Welcome to Spring

Spring
Omaha’s Zorinsky Lake.

It’s here! It’s here! Not the new phone book (Steve Martin fans, smile). Spring. Spring time is upon us. Time to put away the heavy coats, mittens, scarves and galoshes. Time to break out the windbreaker, umbrellas and sneakers. Ah, yes, spring time. Does anything beat spring, with trees sprouting new leaves and new flowers blooming?

So, that must mean it’s time to play outdoors. Yes, it does. Walks in the park or along trails. Spring is one of my favorite seasons. We rid ourselves of the cold, snow and ice from winter. Everything begins anew. We can finally get outside without the concern about blizzards or cold spells. We can walk around zoos, lakes, living history museums, botanical gardens, parks, as well as city centers.

Spring
Watching an early spring rowing competition between Creighton and Nebraska at Carter Lake, Iowa.

I look forward to walks along the shoreline and paths of some of our favorite lakes in the area. Checking out the views of people participating in water activities, and new animal families.

Spring
A goose family enjoying Walnut Creek Lake in Papillion, Nebraska.

Watching a spring sunset at a lake can be magical, in my opinion. The golden sunset colors shining brightly on the water. The silhouettes that extend from the water. It’s one of my favorite views.

Spring
Sunset at an Omaha lake.

Now, spring does mean getting outside and doing some of our favorite things. As we walk at nearby lakes, one of my favorite sights involve people fishing. I used to fish when I was younger, but grew away from it. Sometimes, I think it would be nice to pick up a rod and reel and just relax on the shore and see if I get any bites on the bait. I have friends who are avid fishers, and they live for the activity.

Spring
Men fishing at Clear Lake, Iowa.

Staying alongside lakes, animals come out of hibernation and start enjoying the sunshine themselves. Turtles and frogs are among the creatures that will find a spot on a log and spend hours sunning themselves, absorbing the heat.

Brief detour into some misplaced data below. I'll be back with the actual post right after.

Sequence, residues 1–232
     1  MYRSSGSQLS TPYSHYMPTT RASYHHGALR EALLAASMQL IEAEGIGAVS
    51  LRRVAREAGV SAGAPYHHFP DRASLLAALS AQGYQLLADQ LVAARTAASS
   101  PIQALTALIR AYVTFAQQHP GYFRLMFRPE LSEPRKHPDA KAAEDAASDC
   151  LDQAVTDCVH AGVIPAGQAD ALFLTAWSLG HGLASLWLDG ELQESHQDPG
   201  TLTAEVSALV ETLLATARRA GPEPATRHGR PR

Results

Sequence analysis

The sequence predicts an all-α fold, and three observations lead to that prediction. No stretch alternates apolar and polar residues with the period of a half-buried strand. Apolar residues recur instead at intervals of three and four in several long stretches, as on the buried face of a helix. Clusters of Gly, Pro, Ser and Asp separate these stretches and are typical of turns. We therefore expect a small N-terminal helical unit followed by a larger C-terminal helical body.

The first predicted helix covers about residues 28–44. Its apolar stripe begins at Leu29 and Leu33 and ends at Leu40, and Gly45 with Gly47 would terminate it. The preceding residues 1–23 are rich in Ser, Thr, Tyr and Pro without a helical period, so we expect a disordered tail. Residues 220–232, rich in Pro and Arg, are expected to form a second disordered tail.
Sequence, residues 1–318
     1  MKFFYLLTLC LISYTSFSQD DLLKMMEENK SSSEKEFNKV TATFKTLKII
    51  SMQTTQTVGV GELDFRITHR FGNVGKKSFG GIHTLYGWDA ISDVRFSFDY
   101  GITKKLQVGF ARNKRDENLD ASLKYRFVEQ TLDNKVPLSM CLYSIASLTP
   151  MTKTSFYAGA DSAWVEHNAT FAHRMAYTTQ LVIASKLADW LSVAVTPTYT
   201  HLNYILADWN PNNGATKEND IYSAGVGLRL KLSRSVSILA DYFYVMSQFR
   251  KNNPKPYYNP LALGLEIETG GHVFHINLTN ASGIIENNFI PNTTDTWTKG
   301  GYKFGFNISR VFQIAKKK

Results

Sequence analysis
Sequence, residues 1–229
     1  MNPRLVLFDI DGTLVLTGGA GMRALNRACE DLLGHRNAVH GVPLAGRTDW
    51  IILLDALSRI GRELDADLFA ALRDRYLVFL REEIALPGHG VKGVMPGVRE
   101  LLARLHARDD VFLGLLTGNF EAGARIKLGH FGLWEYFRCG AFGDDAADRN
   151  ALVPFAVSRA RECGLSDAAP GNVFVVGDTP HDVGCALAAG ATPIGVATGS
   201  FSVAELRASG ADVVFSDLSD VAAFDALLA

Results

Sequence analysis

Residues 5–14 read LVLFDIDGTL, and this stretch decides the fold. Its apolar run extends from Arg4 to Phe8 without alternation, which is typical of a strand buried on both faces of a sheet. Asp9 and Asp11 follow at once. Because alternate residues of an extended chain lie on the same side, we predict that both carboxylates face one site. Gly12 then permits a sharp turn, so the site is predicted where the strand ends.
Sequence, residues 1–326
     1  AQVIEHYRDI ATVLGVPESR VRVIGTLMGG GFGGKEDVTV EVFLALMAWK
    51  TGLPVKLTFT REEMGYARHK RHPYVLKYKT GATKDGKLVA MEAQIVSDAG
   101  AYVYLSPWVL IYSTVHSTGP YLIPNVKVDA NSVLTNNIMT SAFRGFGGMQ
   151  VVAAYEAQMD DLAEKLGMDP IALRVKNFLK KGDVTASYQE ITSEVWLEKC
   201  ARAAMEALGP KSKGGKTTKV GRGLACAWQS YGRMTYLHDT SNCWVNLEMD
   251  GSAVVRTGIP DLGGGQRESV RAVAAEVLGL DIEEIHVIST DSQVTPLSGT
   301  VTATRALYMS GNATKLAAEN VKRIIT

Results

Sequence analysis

Spring
A turtle enjoying a warm day.

As the weather turns warmer and the sun shines later into the day, paddle boats will take to the rivers and larger lakes, offering people an opportunity to enjoy the water in a different manner.

Spring
A river boat cruising the Missouri River in Bismarck, North Dakota.

The nicer weather means beautiful flowers will abound. Neither Lisa nor I have a green thumb, but we love the beauty and fragrances of flowers. We enjoy visiting areas with lots of floral displays, such as botanical gardens or city parks.

Spring
Beautiful tulips in Pella, Iowa.

Spring marks the start of festival season. Every area seems to have dozens of spring celebrations, such as cultural, ethnic and community festivals. We’ll check out a few this year, I imagine.

Spring
Celebrating Cinco de Mayo with a parade in Omaha.

Walking about in urban areas brings a different set of viewing opportunities. Some cities will offer a view of massive skyscrapers among their skyline. Others will offer a look at older, more historic facilities. Either way, a stroll in the city can be an enjoyable adventure.

Spring
A view of downtown Chicago from Millennium Park

If the city isn’t for you, maybe a drive through rural areas would be fun. We all have highways and other roads we can hop on enjoy a couple of hours checking rural towns. Midwestern states have several scenic highways that people can drive, giving them a view they don’t normally see during their daily lives. In Nebraska, we’ve driven along the Sandhills, Lewis and Clark and Lincoln highways. We’ve learned quite a bit from visiting smaller communities along those drives.

Spring
An old gas station along the Lincoln Highway (US Highway 30) in Iowa.

Zoos and wildlife parks are great places to visit during the spring. Several animals are also breaking out of their winter hibernations. You never know what you’ll see when you visit. We had the luck of seeing a couple of young bison head-butting each other – rutting – as a springtime ritual, challenging each other for the possible affections of the females in the herd.

Spring
Young bison challenging each other at the lee Simmons wildlife park near Ashland, Nebraska.

Animals need to start taking care of themselves for the next year’s survival, so it’s common to see them eating along the way. The Omaha zoo’s wildlife park gives visitors ample opportunities to see animals in their natural environment, loving their lives as they would in the wild.

Spring
One of our favorite views at the wildlife park – a young deer sharing its meal with a squirrel behind it.

However, you enjoy the outdoors, take advantage of the weather and temperatures and have a great time. Who knows, may we’ll run into each other. Have fun and be safe.